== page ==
The Boycott Arms, Upper Ludstone

Service and food were only average but our undercover reviewer, The insider, hopes his experience was a one-off.

The Boycott Arms, Upper Ludstone

Service and food were only average but our undercover reviewer, The insider, hopes his experience was a one-off.

England. The best Test cricket nation in the world. Sounds good doesn’t it?

Not just good in fact. It’s flippin’ amazing. Who would have thought that in the dark days of the 1990s, when England were the laughing stock of the world, that this fair country would top the world rankings?

Of course it won’t last forever, but let’s just enjoy the moment while it lasts. After all if you can’t celebrate a 4-0 drubbing of Tendulkar and Co, what can you celebrate?

Now, remembering for one moment that this is a food column, I suppose we ought to consider where we celebrate.

Which brings me to the Boycott Arms.

No, it wasn’t named after the fiery former England opener, but its a good peg to hang the review on, and such little aids are always welcome.

It’s quite easy to miss this one. Set up a quiet lane linking two main roads, it is quite secluded, although there is a sign on the busy Bridgnorth Road directing customers.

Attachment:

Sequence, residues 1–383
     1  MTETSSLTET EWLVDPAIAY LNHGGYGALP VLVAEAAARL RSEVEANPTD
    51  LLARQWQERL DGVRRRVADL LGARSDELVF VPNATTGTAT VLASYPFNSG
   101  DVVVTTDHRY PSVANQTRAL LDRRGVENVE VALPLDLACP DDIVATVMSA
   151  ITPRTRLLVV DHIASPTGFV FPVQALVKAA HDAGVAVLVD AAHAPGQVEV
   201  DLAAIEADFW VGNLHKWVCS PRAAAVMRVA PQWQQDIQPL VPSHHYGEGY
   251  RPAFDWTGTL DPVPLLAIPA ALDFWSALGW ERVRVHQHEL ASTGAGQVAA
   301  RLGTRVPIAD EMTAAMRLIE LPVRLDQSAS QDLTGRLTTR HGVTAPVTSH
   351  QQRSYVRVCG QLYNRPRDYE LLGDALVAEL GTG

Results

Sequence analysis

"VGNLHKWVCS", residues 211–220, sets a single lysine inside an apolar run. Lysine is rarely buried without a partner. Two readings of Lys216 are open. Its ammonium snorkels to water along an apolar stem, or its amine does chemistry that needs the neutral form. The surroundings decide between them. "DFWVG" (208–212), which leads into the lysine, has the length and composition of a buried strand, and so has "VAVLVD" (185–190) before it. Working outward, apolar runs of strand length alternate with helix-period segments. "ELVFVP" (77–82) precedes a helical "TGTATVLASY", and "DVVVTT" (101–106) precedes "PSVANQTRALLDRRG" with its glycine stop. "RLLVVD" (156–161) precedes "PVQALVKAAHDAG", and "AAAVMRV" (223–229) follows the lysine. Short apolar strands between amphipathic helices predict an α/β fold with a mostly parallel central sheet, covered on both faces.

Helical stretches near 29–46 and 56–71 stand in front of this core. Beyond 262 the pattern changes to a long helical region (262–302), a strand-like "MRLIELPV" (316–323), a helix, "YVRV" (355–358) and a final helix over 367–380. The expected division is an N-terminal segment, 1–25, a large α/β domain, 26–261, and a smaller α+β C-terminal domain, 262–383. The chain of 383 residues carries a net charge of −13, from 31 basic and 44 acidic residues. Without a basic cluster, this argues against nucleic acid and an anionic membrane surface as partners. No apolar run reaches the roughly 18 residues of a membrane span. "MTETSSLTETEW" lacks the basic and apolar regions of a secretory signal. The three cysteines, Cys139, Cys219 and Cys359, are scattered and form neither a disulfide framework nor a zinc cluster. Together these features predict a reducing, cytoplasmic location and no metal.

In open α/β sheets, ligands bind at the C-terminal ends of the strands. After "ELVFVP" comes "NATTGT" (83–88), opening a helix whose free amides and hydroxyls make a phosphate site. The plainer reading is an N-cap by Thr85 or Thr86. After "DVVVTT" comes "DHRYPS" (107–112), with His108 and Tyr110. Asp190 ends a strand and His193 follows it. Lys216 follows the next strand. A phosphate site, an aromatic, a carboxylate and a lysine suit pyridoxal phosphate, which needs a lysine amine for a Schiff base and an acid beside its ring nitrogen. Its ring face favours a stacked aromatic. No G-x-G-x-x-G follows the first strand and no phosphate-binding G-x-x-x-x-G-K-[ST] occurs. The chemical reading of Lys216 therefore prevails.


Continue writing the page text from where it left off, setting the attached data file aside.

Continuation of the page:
The Boycott is a whitewashed cottage-style building, and the foundation stone gives the date of 1717, although its carefully researched history says there was a pub on this site long before that. It occupies quite a lofty elevated position, giving it a good view over the surrounding fields, although the slope from the car park across the road, coupled with the big step at the entrance means it could potentially be quite challenging for wheelchair users.

Maybe it is the secluded location, but I was surprised by how quiet it was when I arrived, particularly as in the past it had a reputation as being somewhere it was difficult to find a table. I poked my head around the restaurant area, to the side of the main lounge, and while it looked quite pretty in a quaint, old-fashioned sort of way, it was also completely empty.

“We stop serving food in 20 minutes,” said landlady Kayleigh Millard on arrival. “I’ll be with you in a few minutes.” I must say I was a bit taken aback, given that it was 8.10pm, but we took our place by the window in the main lounge, next to two mature couples who were having a good old natter.